I recently helped to setup a website by the name of You-Reviews, the purpose of which was to provide reviews for an array of products and to also write about scams. Two things became immediately clear. Firstly, a large number of people, when looking for reviews and info on a product or service, will use the word “scam.”
If you search for a celebrity’s name on Google, the second or third auto-fill query is usually “Is [Celebrity Name] Gay?” and there is a similar trend with products and services, with the second and third query usually being “Is [Name] a scam?.”
This goes to show that we’re not very trusting these days. And when you consider that this query is more common in online-only products/ services, it’s proof that much of our distrust focuses on the internet. But that’s not surprising, because the second thing I discovered is that there are a huge number of scams going around. It seems that everyone is trying to get something from you, by any means necessary.
There is a lot of money in fear, and when you combine this with the reverence that people have for the IRS, it’s no wonder that scammers have created the IRS scam to try to scare people into giving them money. This is incredibly common in the United States right now and many call centers have been set up in Bangladesh and India to perpetrate this scam.
In the IRS scam, the scammer pretends to be from the IRS, warning you that you have to pay a fine otherwise you will be arrested. They quote some facts and stats, they make shocking claims and for a few seconds at least, they sound believable.
That begins to disappear, of course, when you realize that the person speaking to you seems to have gotten all of his knowledge of the US police force from NCIS. It’s gone completely by the time they tell you that you have to pay them in gift cards. Or rather, it should be gone, but these guys are actually succeeding in scamming people, somehow.
If you have any vulnerable or stupid people in your family, you may want to warn them about this scam. Or just ban them from ever answering the phone. The scammers will threaten everything from arrests to audits and more. Anything that strikes fear in people, even when they’re innocent.
There are other scams that involve official organizations and play on the same fear and reverence, but are equally stupid. A good rule of thumb for avoiding these is to know that official organizations really aren’t that desperate for iTunes gift cards.
The Nigerian Prince scam is the oldest in the book. But it’s still ongoing and there are still people who fall for it. It’s down to greed, and also a little stupidity. This scam takes on many forms, but the premise is the same. In order to get a huge sum of money you have to send them a smaller sum, usually to pay fees.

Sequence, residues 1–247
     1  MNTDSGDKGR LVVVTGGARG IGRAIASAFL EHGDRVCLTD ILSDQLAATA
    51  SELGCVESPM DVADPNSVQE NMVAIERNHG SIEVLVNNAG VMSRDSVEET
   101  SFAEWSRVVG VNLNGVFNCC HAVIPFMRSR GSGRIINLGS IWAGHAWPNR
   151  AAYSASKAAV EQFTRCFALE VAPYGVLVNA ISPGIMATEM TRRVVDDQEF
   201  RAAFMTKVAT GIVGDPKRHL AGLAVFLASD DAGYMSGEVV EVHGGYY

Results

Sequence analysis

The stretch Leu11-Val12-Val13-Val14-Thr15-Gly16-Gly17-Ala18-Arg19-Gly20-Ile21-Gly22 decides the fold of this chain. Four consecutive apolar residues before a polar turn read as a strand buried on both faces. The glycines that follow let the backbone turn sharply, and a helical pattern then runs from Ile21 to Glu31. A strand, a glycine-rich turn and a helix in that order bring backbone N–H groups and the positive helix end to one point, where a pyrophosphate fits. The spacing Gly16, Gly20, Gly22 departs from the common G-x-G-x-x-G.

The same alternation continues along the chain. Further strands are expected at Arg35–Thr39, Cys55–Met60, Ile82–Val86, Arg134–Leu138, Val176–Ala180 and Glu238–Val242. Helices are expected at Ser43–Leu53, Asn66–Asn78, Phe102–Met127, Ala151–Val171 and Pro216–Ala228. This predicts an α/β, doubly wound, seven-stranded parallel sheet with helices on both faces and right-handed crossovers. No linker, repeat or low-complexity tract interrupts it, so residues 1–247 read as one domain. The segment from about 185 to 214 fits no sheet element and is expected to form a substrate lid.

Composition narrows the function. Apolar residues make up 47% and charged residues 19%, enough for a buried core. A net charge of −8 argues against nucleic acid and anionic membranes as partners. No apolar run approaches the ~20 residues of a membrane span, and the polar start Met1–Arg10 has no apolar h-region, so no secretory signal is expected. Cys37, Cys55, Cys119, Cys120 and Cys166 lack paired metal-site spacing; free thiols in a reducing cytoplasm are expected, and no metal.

There are similar scams that try to trick you into sending electronics often by convincing you that they have a genius business plan. These ones actually make more sense. They convince the victim that secondhand electronics can be bought cheap in the US and then sold for a small fortune in poor countries. So, they ask you to buy them and send them and in return they’ll pay your share of the profits.
Of course, none of that is true and you’ll never see any money. But these scams are still popular. There is a video series on Youtube titled “Lie-Beria” that tracks one of these scams and is well worth a watch.
These scams play on desperation and loneliness, which makes them some of the most despicable of all. The spammers setup fake dating profiles on sites like Plenty of Fish and they target middle aged women in the United States.
They have a target type, and that type tends to be divorced women with kids who live away taking college educations. They want someone who has money, is lonely and is perhaps so desperate to find someone that they are blind to the obvious deception.
The scammers often claim to be entrepreneurs or to work on oil rigs, giving them an excuse to keep strange hours and to claim that they travel a lot and therefore can’t meet up. Surprisingly, they seem willing to talk to the victim on the phone. Many of these scammers reside in West Africa and have accents to go with it, but they simply tell the victim that they picked up the accent after spending too much time in West Africa for work.
They will keep several online relationships going with multiple women, all at different stages of the scam. When they have been speaking for a few months and they have a good understanding of the woman’s weaknesses and finances, they will start asking for money. The reasons vary, ranging from hospital expenses, to business problems and debts. They look for sympathy and they play on the feeling that the victim has developed for them, so they make the woman think they are desperate and have nowhere else to turn.
These scammers have also been known to request money to pay for flights so they can visit the victim, which of course never happens.
Some women have lost more than $100,000 to these scammers. They are lied to and they suspect that they are lied to, but humiliation and denial sets in and they just keep paying. They are like gambling addicts in that they keep feeding the beast in the hope that everything will come good eventually. It never does.